BY ELENA VALDEZ
Cliches are an inevitable part of high school. As one walks down the halls, it’s easy to point out who’s who and what group they most likely “belong” to. Some of these traditional cliques, however, are easier to point out than others with distinct styles and attitudes evident from a mile away.
One of these groups is the quintessential skaters of the school. We see them walk around, carrying their skateboards and wearing old school Vans. They keep to themselves and because of that, it’s easy for the non-skater to find it intriguing.
What’s intriguing is often imitated, and that has caused skater culture to be sold in every store. Thrasher, a skating company and popular magazine, is seen everywhere and on everything. Vans, originally created for skating and BMX, are among the most popular shoes in the world as of 2018. People are willing to buy and even replicate what they are lacking— individuality.
“It’s really popular now with a lot of rappers being skaters and skate companies blowing up, like Thrasher and Supreme,” junior Christopher Placido said. “I would like to see more people try and skate.”
Posers do exist but, for the most part, no one really cares enough to pay attention to them.
What’s intriguing is often imitated, and that has caused skater culture to be sold in every store.
“Some of them can be annoying,” junior Francisco Torres said. “But, for the most part, they don’t bother me.”
At CCHS, there is a relatively prominent skating community. So much so that administration has a room dedicated to keep boards in, so the skaters don’t have to carry them around all day. These skaters are found in every grade, all with different backgrounds and motives for enjoying the sport. Skating is a serious hobby for a select few students.
Sophomore Austin Schneider has loved skating ever since he found his brother’s old skateboard seven years ago. He discovered skating to be fun and decided to stick with it.
“I love that skateboarding makes me happy when I’m sad,” Schneider said.
His love of skating has landed him on the Ramp 48 skatepark team, where he is sponsored by the park and encouraged to pursue a career in the sport. Island Water Sports surf and skate shop has also scouted him out after Schneider sent them an edit of his best tricks. The shop ended up liking what he can do and put him on their team as well.
“It’s something nobody can pick up and be naturally good at.”
“The people that work there [Ramp 48] have watched me skate for a long time,” Schneider said. “They liked the way I skate, so they put me on a team.”
He hopes to work in the scene and make a career for himself in skating, either through starting a brand or opening up his own shop.
Sophomore Kyle Cordon has also found an affinity for the sport. Although he has only been skating for about a year, he’s quickly become serious about it. He documents his progress through things like videos and pictures to watch his improvement, and noticeably, where he’s getting better.
“It’s something nobody can pick up and be naturally good at,” Cordon said. “For example, a 10-year-old kid that’s been skating since he was 5 can easily be better than a 20-year-old who has been skating for only a year.”
The sport is based on hard work and dedication, which makes it one of the most impressive. The intricate footwork and balance necessary to succeed in completing tricks such as kickflips, jumping sets
“When I was a kid, I was fascinated by how well skaters could keep the board under their feet when they were riding and doing tricks.”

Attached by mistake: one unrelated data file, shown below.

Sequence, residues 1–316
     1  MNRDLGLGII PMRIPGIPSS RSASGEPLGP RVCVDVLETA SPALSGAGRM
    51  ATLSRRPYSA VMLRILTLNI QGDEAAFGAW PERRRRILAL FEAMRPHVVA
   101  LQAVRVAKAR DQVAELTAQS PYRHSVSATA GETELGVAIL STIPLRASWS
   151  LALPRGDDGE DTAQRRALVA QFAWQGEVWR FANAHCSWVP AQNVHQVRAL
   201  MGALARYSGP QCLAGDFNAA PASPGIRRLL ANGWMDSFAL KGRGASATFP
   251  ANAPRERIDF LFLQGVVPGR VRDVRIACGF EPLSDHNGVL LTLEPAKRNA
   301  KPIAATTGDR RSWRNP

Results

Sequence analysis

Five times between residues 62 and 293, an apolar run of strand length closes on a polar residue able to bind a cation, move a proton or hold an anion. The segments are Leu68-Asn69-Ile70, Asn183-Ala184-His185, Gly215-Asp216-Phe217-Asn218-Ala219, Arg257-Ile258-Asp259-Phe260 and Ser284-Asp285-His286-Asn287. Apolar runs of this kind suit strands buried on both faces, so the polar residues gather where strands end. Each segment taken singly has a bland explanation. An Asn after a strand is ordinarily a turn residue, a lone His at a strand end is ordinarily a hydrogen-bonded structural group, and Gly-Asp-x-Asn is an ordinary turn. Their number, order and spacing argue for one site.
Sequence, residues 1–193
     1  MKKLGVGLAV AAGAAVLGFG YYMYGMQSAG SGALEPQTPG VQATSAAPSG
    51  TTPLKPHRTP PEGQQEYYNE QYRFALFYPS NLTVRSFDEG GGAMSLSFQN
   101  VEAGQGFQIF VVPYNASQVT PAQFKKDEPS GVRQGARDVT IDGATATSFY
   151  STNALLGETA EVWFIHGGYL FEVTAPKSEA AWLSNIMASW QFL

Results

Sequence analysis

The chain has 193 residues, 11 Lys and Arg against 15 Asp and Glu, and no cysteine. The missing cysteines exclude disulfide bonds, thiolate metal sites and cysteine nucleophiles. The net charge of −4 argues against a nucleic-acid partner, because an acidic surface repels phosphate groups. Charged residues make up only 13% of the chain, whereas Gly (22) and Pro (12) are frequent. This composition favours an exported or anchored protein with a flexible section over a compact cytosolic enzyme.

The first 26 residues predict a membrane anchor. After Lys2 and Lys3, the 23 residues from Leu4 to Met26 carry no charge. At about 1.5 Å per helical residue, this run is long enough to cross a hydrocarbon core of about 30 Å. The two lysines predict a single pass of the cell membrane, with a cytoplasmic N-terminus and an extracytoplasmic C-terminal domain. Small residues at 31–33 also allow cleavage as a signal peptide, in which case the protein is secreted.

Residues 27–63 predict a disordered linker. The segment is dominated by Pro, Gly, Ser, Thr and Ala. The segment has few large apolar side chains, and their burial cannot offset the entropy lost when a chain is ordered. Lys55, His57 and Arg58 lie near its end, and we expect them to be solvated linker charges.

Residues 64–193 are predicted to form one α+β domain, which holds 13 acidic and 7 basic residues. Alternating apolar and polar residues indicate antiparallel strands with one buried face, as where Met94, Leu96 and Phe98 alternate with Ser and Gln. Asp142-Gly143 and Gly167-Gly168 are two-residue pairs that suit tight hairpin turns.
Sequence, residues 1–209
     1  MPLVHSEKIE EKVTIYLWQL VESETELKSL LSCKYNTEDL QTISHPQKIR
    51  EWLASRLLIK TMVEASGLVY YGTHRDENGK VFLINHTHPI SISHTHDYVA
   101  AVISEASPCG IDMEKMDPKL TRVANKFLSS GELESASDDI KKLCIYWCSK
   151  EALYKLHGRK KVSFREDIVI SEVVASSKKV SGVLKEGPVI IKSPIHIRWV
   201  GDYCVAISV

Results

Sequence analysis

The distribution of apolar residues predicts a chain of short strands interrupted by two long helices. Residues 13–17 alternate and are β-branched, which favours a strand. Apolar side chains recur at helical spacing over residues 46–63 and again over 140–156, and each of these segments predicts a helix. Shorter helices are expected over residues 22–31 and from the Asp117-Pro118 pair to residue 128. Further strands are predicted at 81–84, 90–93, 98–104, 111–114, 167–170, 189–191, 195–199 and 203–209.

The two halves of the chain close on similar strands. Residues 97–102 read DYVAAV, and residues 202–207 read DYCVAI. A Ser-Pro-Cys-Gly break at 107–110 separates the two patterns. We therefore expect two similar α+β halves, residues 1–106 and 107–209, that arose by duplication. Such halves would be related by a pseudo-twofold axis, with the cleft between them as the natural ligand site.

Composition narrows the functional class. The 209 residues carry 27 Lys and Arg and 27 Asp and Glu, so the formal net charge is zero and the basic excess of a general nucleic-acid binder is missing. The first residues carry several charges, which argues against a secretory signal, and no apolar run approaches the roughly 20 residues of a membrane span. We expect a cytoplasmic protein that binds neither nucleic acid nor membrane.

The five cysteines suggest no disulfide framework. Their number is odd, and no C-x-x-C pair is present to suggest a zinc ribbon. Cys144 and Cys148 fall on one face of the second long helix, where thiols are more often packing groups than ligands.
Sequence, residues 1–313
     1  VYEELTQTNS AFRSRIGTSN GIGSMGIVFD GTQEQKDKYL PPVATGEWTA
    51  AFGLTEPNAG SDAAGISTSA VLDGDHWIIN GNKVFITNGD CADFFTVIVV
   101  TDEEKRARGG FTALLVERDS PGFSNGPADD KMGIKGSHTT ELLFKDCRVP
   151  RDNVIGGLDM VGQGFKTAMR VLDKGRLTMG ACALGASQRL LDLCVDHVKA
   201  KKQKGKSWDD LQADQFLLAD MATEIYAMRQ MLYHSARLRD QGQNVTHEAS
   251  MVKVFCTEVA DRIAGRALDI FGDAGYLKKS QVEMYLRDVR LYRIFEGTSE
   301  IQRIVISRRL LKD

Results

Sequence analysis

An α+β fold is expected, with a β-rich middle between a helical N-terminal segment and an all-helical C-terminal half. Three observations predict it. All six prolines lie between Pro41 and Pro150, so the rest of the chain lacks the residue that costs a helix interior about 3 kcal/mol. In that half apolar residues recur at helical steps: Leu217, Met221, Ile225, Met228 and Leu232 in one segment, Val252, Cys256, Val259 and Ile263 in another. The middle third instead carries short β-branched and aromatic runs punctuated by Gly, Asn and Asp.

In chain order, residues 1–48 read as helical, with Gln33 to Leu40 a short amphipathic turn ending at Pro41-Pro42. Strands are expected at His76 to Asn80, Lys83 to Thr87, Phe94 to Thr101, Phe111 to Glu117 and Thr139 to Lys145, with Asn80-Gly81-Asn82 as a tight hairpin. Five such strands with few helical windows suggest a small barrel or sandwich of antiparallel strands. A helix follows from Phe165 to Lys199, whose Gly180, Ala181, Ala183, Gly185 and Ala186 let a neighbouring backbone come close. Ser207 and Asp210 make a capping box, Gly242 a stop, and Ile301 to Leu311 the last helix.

“It’s a lot harder than it looks,” Cordon said.
Another dedicated skater is junior Dylan Comprosky, who began skating around age 9.
“I just started skating in my neighborhood,” Comprosky said. “When I was a kid, I was fascinated by how well skaters could keep the board under their feet when they were riding and doing tricks.”
It’s more than a hobby for Comprosky, who hopes to open a skate shop or his own deck company in the future. Just recently, he began offering skating lessons to kids wanting to learn. He advocates for anyone who is interested to give it a try.
“Practice makes perfect,” Comprosky said. “Anyone can do it, you just have to put the work in.”
“Anyone can do it, you just have to put the work in.”
Skating, much like its participants, is varied. Some view it as a more casual thing, not wanting to go pro or pursue it in the future.
“I only know around like 10 to 12 kids who really skate,” senior CJ Osceola said. “By really skate, I mean kids who are actually passionate about it other than it just being a pastime or something.”
The scene is male-dominated, but that doesn’t mean it’s off limits for anybody else. There is an evident gender gap, with far fewer females skating than males. The preconceived notion that skating is for boys, not girls, means little to nothing. Anyone can skate.
Sophomore Alexis Roushay has been skating since the seventh grade.
All you really need is a board and a body.
“I really hated riding my bike to school because of how big it was and how I had to lug it around everywhere,” Roushay said. “My best friend had one [a skateboard] so I got one and just found it nice to glide your way anywhere with a board.”
She found that she enjoyed everything about skating the more she did it.
“The riding and gliding from one place to another,” Roushay said. “From one push to another.”
Skating is a freedom, not bound by any rules and regulations of traditional sports. Hard work and dedication will get one further in the skating world than natural born talent and fate, which is a part of why it’s appealing— skating gives everyone a chance. All you really need is a board and a body.
Photo by Kayla Florenco